On a hot Dry afternoon a delegation of Councillors and CEO Peter Franks rolled in for a visit and orientation to Babbler Hill. The Councillors–Nipper Brown, Lenore Wyatt, and Mary Graham–were returning from an inspection trip to spectacular Mt Spurgeon, and were appreciative of the cool coconut water and shade provided at Babbler Hill.
Rupert Russell gave a bit of history to how Babbler Hill came into being. He noted the section of plantings that had been tenderly nurtured by long-time resident Allan Vains. Allan used to dispose of garden rubbish at the edge of the reserve and then burn it.
Once fire had been stopped on the Hill and Allan saw the bush and the wildlife start to recover, he changed his practice and became a staunch supporter of the renewal efforts.The plantings in his area are now amongst the most successful, perhaps thriving in the charcoal he built up over the years!
Rupert made the case that Babbler Hill was now a significant community amenity. The species chosen for the revegetation project are those most likely to have sufficient hardiness to adapt to the soils of Babbler Hill and the low rainfall climate of Mount Molloy. At least 66 species in 30 genera of Australian native plants can, in 2017, be regarded as established in these plantings, with several more species in additional genera planted but yet to be assessed for adaptability. A wide variety of plants have been intentionally chosen to provide botanical interest for all visitors, and in many cases a resource for local birdlife. Trialling of a variety of plants also provides information for other revegetation projects in the dry parts of Mareeba Shire, whether undertaken by Council or interested residents.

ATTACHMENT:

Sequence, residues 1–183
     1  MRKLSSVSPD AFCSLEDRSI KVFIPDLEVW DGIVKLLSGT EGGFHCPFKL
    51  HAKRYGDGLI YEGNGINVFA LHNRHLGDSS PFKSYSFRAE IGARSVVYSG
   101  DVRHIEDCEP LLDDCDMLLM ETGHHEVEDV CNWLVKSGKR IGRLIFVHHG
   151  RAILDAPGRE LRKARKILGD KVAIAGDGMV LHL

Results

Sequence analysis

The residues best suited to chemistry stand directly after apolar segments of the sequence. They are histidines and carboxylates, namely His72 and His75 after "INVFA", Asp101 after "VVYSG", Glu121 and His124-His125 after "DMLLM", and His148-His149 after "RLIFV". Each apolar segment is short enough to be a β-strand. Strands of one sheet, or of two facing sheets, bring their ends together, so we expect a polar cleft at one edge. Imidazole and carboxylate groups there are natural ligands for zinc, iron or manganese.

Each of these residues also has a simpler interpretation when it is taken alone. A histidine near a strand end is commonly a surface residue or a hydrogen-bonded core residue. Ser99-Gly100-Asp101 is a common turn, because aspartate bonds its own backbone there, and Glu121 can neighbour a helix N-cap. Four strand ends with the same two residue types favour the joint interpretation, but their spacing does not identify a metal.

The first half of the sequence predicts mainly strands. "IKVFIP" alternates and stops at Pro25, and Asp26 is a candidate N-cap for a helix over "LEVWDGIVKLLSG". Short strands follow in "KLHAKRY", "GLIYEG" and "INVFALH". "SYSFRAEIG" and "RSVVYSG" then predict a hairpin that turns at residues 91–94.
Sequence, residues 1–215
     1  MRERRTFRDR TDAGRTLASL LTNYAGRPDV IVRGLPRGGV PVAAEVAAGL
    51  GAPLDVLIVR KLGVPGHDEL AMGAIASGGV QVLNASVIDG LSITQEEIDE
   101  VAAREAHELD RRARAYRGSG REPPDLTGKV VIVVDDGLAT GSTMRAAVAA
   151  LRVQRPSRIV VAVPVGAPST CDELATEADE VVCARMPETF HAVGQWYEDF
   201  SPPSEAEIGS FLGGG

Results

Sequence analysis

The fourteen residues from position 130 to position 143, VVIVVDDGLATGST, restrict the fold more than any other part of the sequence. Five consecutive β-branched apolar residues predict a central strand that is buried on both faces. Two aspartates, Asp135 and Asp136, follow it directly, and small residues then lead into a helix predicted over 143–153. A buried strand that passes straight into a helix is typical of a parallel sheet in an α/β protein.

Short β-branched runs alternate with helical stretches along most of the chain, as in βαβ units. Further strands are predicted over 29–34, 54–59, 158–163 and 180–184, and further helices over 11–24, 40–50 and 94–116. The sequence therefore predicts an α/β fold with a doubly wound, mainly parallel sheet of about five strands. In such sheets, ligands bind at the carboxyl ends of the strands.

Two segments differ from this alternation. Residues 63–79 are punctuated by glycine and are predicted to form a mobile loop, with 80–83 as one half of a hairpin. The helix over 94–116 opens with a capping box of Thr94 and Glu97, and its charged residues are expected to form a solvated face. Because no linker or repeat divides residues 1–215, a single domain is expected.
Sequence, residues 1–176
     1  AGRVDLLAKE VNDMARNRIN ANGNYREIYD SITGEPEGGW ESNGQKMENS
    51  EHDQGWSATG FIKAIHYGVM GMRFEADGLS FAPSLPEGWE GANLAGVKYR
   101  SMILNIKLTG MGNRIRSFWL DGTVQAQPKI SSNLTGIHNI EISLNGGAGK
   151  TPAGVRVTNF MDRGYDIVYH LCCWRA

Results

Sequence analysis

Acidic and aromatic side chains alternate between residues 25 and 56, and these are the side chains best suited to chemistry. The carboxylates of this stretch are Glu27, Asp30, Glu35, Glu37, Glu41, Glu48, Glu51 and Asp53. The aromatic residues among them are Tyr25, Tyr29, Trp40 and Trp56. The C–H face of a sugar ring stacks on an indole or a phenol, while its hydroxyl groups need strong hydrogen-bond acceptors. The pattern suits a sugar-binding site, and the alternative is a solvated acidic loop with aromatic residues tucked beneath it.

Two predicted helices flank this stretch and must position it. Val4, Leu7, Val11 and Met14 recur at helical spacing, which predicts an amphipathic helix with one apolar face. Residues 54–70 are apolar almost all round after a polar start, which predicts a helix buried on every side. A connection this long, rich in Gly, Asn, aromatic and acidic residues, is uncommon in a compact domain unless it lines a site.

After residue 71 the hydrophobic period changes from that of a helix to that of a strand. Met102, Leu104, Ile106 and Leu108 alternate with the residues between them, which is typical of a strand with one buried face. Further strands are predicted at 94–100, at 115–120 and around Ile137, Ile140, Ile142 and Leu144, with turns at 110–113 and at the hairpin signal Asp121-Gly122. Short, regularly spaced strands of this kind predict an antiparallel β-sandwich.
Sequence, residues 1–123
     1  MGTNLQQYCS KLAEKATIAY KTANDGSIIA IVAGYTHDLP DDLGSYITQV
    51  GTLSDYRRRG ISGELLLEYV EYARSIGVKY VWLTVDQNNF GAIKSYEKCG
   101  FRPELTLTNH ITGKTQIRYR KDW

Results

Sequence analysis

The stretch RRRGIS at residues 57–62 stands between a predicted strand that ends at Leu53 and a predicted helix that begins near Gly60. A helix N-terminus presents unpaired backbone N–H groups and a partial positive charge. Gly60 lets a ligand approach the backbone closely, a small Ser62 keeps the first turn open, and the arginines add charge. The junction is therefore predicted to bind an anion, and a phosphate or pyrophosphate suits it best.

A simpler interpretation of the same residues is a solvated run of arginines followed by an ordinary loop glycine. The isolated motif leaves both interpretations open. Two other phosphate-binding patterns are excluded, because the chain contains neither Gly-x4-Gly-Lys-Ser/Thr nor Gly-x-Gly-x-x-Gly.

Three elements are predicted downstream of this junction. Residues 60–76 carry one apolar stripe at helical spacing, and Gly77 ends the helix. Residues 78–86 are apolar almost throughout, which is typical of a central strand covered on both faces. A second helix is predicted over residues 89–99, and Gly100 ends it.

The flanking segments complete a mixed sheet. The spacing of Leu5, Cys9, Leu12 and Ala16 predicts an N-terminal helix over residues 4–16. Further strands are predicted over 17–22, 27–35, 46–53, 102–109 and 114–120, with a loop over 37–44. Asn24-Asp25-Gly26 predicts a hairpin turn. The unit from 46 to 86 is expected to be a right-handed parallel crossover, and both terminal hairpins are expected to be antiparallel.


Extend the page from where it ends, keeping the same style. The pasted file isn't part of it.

Council was also pleased to learn that the four hectares of native eucalypts, adjacent to Babbler Hill, referred to as “Tall Gums” by JAMARR, provides a valuable resource for birds and a variety of mammals, aesthetic appeal for visitors, and educational value.
Because both Babbler Hill and Tall Gums have been provided with interconnecting paths and tracks the area is attractive to any walkers, push bike riders and horse riders seeking to exercise themselves or their mounts in a pleasant area.
Council was also satisfied that sufficient strategic access tracks are maintained in both sites in case of any need for Rural Fire vehicles to intercept a wild fire.